Schlumberger WEG (pdf) Last accessed: 15-Jun-2011


and stimulating

In cased hole completions (the majority of wells), once the completion string is in place, the final stage is to make a connection between the wellbore and the formation. This is done by running perforation gunsto blast holes in the casing or liner to make a connection. Modern perforations are made using shaped explosive charges, similar to the armor-penetrating charge used on antitank rockets (bazookas). Sometimes once the well is fully completed, further stimulation is necessary to achieve the planned productivity. There are a number of stimulation techniques.

This involves the injection of chemicals to eat away at any skin damage, "cleaning up" the formation, thereby improving the flow of reservoir fluids. Acid can also be used to clean the wellbore of some scales that form from mineral laden produced water.

This means creating and extending fractures from the perforation tunnels deeper into the formation, increasing the surface area for formation fluids to flow into the well, as well as extending past any possible damage near the wellbore. This may be done by injecting fluids at high pressure (hydraulic fracturing), injecting fluids laced with round granular material (proppant fracturing), or using explosives to generate a high pressure and high speed gas flow (TNT or PETN up to 1,900,000 psi (13,000,000 kPa) ) and (propellant stimulation up to 4,000 psi (28,000 kPa) ).


and fracturing (combined method)

This involves use of explosives and injection of chemicals to increase acid-rock contact.



Sometimes, productivity may be hampered due to the residue of completion fluids, heavy brines, in the wellbore. This is particularly a problem in gas wells. In these cases, coiled tubing may be used to pumpnitrogen at high pressure into the bottom of the borehole to circulate out the brine.

Mud tank
From Wikipedia, the free encyclopedia

This article does not cite any references or sources. Please help improve this article by adding citations to reliable sources. Unsourced material may be challenged and removed. (August 2012)

The mud tank is the long gray container

A mud tank is an open-top container, typically made of square steel tube & steel plate, to store drilling fluid on a drilling rig. They are also called mud pits, because they used to be nothing more than pits dug out of the earth.


tank structure

Mud tanks are divided into square square tanks and cone-shaped tanks according to the shape difference of the tank bottom. The body of the tank is made by welding the steel plate and section, using the smooth cone-shape structure or the corrugated structure. The mud tank surface and passages are made of slip resistant steel plate and expanded steel plate. The mud tanks are made of the side steel pipe, all of the structure can be folded without barrier and pegged reliably. The surface of the tank is equipped with a water pipeline for cleaning the surface and equipment on the tank, it uses soaked zinc processing for the expanded steel plate. The ladder is made of channel steel to take responsibility the body, the foot board is made of expanded steel plate. The two-sided guard rail are installed the safe suspension hook. The mud tank is designed the standard shanty to prevent the sand and the rain. The pipeline is installed in the tank to preserve the warm air heat. The tanks are generally open-top and have walkways on top to allow a worker to traverse and inspect the level of fluids in the tanks. The walkways also allow access to other equipments that are mounted on the top. Recently, offshore drilling rigs have closed-in tanks for safety. The mud tank plays a critical role in mechanically removing destructive solids and sediment from costly land and offshore drilling systems. A tank is sectioned off into different compartments. A compartment may include a settling tank, sometimes called a sand trap, to allow sand and other solids in the drilling fluid to precipitate before it flows into the next compartment. Other compartments may have agitators on the top, which have long impellers below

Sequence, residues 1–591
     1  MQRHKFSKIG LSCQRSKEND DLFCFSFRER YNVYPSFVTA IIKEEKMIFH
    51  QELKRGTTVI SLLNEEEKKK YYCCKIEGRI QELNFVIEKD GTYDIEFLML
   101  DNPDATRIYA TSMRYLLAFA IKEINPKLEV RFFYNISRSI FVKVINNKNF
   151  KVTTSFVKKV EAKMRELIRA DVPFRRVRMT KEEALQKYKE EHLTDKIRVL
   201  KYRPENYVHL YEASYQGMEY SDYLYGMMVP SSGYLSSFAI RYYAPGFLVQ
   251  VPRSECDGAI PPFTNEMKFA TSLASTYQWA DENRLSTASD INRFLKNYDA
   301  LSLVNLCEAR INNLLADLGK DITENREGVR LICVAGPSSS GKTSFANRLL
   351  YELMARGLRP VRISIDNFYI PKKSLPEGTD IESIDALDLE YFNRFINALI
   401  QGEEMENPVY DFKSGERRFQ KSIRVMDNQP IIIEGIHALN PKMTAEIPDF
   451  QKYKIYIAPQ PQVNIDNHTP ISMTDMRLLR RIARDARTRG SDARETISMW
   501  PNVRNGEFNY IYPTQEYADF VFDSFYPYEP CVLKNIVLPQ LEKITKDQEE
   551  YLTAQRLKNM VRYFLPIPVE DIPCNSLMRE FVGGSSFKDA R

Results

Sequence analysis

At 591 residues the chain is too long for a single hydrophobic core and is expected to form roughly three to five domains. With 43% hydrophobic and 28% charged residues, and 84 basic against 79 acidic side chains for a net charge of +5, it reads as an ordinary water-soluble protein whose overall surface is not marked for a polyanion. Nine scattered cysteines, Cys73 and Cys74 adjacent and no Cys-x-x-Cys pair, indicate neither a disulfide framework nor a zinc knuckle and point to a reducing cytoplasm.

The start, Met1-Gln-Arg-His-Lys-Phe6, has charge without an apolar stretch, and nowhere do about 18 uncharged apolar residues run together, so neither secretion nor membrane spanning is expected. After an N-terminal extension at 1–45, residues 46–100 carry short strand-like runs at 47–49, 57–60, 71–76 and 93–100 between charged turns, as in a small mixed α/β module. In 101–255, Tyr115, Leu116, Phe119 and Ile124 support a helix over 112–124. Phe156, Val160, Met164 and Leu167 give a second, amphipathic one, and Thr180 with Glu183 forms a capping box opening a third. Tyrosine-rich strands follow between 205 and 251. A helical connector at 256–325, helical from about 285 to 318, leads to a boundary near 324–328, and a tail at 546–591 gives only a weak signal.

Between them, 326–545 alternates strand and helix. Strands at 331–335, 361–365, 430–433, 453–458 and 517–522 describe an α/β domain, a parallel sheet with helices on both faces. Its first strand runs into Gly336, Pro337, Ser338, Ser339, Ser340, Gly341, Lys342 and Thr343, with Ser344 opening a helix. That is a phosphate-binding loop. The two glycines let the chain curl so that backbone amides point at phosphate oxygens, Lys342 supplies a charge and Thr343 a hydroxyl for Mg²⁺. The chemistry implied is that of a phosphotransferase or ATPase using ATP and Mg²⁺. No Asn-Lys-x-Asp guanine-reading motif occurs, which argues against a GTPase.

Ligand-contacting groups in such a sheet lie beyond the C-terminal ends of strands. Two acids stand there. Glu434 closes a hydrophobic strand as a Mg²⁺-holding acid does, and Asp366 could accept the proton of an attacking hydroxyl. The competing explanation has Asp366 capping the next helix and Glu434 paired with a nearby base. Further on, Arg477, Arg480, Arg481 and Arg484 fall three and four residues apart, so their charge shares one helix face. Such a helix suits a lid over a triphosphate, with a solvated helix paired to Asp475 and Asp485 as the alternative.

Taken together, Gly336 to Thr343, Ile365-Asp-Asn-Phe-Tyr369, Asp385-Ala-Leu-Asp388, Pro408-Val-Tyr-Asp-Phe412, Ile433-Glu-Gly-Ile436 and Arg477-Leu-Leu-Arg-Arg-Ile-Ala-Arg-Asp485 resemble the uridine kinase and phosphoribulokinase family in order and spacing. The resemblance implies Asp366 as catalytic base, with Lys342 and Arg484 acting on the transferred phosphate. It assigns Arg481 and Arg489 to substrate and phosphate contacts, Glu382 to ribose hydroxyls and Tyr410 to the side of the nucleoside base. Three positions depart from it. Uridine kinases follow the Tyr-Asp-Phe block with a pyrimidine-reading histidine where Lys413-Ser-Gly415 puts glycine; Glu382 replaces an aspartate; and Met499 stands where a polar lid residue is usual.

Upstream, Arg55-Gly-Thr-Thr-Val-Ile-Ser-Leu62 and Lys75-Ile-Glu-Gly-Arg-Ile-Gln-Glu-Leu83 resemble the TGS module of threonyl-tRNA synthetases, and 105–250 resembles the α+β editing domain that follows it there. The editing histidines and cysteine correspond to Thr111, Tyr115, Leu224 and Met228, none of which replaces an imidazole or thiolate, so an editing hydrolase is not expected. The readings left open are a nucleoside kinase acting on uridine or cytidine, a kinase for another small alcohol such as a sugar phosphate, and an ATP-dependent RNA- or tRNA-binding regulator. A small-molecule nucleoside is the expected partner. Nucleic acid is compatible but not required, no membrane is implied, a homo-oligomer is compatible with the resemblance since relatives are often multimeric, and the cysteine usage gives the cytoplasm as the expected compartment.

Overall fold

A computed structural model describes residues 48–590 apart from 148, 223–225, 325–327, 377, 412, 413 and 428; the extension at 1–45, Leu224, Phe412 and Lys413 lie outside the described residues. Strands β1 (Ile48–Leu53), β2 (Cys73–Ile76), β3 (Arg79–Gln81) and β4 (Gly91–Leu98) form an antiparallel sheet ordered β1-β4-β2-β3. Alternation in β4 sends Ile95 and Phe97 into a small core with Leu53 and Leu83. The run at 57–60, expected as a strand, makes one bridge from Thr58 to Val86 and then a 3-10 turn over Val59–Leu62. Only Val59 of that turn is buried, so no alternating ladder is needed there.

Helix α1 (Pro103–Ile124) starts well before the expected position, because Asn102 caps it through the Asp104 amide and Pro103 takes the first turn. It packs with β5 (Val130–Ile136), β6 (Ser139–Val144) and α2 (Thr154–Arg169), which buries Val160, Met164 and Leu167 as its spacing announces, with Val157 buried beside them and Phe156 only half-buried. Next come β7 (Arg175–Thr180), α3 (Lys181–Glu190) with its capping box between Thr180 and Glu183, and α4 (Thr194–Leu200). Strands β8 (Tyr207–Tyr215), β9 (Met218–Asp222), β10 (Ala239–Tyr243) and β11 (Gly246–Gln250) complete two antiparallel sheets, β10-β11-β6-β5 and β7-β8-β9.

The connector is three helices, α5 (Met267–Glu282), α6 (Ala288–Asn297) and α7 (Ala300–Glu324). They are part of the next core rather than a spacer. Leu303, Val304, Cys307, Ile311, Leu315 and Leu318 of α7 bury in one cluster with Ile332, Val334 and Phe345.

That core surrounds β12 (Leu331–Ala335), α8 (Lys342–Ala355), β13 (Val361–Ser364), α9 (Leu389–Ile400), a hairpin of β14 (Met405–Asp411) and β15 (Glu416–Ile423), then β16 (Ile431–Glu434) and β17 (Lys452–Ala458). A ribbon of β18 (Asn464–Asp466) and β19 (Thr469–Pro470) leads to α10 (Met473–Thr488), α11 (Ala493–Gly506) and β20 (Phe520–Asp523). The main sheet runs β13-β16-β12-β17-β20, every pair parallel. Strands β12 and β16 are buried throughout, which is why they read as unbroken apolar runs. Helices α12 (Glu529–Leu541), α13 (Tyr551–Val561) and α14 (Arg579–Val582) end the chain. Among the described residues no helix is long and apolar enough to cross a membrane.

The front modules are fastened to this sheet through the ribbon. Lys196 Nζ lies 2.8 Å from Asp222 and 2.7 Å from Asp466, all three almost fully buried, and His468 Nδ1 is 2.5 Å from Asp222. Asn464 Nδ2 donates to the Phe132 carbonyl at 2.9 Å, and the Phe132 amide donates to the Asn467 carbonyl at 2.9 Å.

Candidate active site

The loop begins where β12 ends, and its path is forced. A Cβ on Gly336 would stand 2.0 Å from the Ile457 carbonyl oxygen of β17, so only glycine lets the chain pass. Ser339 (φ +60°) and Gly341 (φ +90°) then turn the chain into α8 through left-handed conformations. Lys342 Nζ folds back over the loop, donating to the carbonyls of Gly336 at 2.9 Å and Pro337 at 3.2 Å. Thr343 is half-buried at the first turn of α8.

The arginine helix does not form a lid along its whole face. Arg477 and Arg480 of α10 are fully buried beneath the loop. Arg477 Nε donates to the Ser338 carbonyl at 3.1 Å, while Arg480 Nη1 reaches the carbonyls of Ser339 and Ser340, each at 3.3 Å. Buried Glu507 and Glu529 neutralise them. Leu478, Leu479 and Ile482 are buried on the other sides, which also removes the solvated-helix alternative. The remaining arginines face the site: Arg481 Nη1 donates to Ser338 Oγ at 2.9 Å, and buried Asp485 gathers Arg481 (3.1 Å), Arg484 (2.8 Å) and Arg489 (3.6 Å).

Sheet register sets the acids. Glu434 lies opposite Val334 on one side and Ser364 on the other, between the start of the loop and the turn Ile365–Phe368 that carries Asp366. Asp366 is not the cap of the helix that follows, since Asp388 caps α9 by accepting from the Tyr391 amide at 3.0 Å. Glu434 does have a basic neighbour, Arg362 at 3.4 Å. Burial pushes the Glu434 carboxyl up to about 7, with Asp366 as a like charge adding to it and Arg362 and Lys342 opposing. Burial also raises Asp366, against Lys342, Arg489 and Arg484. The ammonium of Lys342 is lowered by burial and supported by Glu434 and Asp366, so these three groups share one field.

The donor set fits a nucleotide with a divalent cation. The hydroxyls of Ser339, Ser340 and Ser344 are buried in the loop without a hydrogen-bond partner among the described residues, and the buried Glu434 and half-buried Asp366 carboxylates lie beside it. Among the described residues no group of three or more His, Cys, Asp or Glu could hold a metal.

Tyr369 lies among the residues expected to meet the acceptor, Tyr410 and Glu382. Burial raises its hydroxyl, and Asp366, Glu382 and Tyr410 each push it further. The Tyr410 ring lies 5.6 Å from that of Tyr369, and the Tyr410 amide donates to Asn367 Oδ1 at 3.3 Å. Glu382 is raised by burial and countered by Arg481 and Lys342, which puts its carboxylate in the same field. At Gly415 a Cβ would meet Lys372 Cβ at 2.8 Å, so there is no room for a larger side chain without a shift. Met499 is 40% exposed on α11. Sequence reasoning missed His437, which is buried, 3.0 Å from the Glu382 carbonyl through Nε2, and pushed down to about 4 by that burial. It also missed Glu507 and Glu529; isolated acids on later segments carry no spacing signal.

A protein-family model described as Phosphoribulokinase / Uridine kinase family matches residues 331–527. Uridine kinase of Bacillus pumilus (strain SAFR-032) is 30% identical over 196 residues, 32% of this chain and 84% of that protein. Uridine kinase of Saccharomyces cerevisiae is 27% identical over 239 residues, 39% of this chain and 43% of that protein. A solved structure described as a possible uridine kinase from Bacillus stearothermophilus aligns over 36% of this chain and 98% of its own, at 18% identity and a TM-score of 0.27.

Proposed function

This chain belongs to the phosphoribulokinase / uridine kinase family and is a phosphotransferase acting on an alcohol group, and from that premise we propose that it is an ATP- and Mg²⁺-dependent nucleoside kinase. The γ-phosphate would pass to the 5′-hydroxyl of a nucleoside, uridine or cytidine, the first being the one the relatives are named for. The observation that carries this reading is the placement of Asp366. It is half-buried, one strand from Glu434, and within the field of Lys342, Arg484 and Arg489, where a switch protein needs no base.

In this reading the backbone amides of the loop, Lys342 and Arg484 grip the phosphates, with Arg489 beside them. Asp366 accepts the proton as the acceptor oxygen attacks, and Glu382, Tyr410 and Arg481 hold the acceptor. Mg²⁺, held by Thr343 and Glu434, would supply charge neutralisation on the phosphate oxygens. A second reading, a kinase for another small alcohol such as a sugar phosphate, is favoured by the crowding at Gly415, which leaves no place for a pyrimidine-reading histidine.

inserting into the tank & stirring the fluids to prevent its contents from precipitating. And mud guns are often equipped at the corners of the tanks' top, spraying high-pressed mud to prevent the drilling fluids in the corner of the compartment from precipitating, typically for the square tanks. The pipe work linking the mud tanks/pits with the mud pumps is called the suction line. This may be gravity fed or charged by centrifugal pumps to provide additional volumetric efficiency to the mud pumps.


role of mud tank for solids control

Mud tanks play an important role in solids control system. It is the base of solids control equipments, and also the carrier of drilling fluids. Solids control equipments that are all mounted on the top of mud tanks include the followings:

shale shaker vacuum degasser desander desilter centrifuge mud agitator Vertical slurry pump

Drilling fluids flow into the shale shaker directly after it returns to the surface of the well, and the solids that are removed by the screen would be dischanged out of the tank, and the drilling fluids with smaller solids would flow through the screen into mud tank for further purification. A centrifugal pump would sucks the shaker-treated fluids up to the desilter or mud cleaner for further purification. And vertical slurry pump is used to pump the drilling fluids up to the centrifuge,and mud pump would pump the drilling fluids from mud tank into the borehole after it is treated by centrifuge. And the circulation system would continues. The number of the mud tanks that are needed on the drilling rig depends on the depth of the well, and also the mud demands of drilling. Nomally the shale shaker and vecuum degasser and desander are mounted together on the same mud tank as the first tank at the oilfield, while desilter and centrifuge on the second tank. and also the drilling rig would has other different tank as reserve tank,emergency tank, etc.